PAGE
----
April 23 (Bloomberg) -- Navy chiefs attending the Western Pacific Naval Symposium in China approved an agreement on rules for unplanned encounters at sea, according to the official PLA Daily newspaper.
The Code for Unplanned Encounters covers what steps should be taken to reduce interference and uncertainty during unexpected contact between naval vessels or aircraft, the report posted on the Ministry of Defense’s website said.
First floated at a meeting of the symposium in 2000, the non-binding code could potentially help avoid uneasy encounters such as that between the USS Cowpens and a Chinese military vessel in the South China Sea in December, which required maneuvering to avoid a collision. The PLA Daily did not say where the code applies, and if it covers territory that is in dispute, such as areas of the South China Sea or East China Sea.
The code is a “milestone document,” the commander of China’s navy, Admiral Wu Shengli, said at the event, according to the China Daily newspaper. The symposium, which is meeting this week in the coastal city of Qingdao, has 21 member states, including Australia, Japan, the Philippines and the U.S.
“We need to respect history and take history as a mirror and continue to resolve maritime disputes and conflicts through peaceful means, as well as avoid extreme behavior that may endanger regional security and stability,” Wu was quoted as saying by the China Daily.
Japan welcomes the code and regards it “as extremely meaningful in encouraging China to play a responsible and constructive role” in the region, Chief Cabinet Secretary Yoshihide Suga told reporters today in Tokyo. “We want to use this as a chance to strengthen our efforts to persuade China to bring into force a broader marine crisis management mechanism between the defense ministries of our two countries.”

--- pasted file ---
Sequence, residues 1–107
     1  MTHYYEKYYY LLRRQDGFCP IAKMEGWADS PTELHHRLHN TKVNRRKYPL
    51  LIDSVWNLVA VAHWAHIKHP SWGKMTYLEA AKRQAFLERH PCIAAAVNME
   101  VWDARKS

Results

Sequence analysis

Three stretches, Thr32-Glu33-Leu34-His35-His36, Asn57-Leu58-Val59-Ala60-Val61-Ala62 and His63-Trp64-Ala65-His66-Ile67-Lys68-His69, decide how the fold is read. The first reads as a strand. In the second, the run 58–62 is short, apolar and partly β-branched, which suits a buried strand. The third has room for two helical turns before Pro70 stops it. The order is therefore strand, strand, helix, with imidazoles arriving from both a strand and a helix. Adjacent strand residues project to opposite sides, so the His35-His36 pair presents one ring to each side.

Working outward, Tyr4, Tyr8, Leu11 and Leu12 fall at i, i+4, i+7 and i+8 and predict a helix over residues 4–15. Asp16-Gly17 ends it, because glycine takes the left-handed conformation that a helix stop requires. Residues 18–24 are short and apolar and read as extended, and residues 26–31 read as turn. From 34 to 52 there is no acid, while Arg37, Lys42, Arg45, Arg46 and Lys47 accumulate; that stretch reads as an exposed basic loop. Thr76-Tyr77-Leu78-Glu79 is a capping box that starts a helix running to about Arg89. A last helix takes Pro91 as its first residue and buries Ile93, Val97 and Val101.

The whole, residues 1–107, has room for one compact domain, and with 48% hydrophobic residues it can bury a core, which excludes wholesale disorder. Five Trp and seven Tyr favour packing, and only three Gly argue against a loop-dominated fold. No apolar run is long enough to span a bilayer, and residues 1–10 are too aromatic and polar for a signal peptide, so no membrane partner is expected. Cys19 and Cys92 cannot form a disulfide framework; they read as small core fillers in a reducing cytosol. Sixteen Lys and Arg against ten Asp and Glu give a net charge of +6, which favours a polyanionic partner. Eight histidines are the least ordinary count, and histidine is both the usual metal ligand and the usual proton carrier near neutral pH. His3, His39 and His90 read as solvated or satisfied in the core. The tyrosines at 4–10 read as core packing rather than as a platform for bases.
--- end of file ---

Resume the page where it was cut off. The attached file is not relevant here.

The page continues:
The Association of Southeast Asian Nations is separately seeking a code of conduct for oil-and gas-rich waters in the South China Sea, at a time of China’s increased military assertiveness in the region. The talks have made little progress since China agreed last July to start discussions, and China introduced fishing rules in January requiring foreign vessels to seek permission before entering waters off its southern coast.
China and Japan are also locked in a dispute about islands in the East China Sea that both claim, and over which China declared an air defense identification zone in November. Japan on April 19 broke ground on a new radar base on its westernmost island, to improve surveillance in the area covering the uninhabited islands known as Senkaku in Japanese and Diaoyu in Chinese.
China will make “no compromise, no concessions” in disputes over territory and resources with Japan and the Philippines, and is ready to fight and win any battle, General Chang Wanquan said April 8 at a briefing in Beijing alongside visiting U.S. Defense Secretary Chuck Hagel.
“In the East China Sea, we have seen tense incidents including a Chinese ship locking fire control radar onto a Japanese ship,” Japanese Defense Minister Itsunori Onodera told reporters yesterday in Tokyo before the code was approved. “We would like to conclude a broader agreement, for example with China, about communications at sea and we will continue to make efforts in this direction.”
The code will have a positive effect on reducing misunderstandings and accidents at sea, as well as protecting regional security and stability, the PLA Daily reported. It establishes a guide for safe procedures, communication and signal language, it said.
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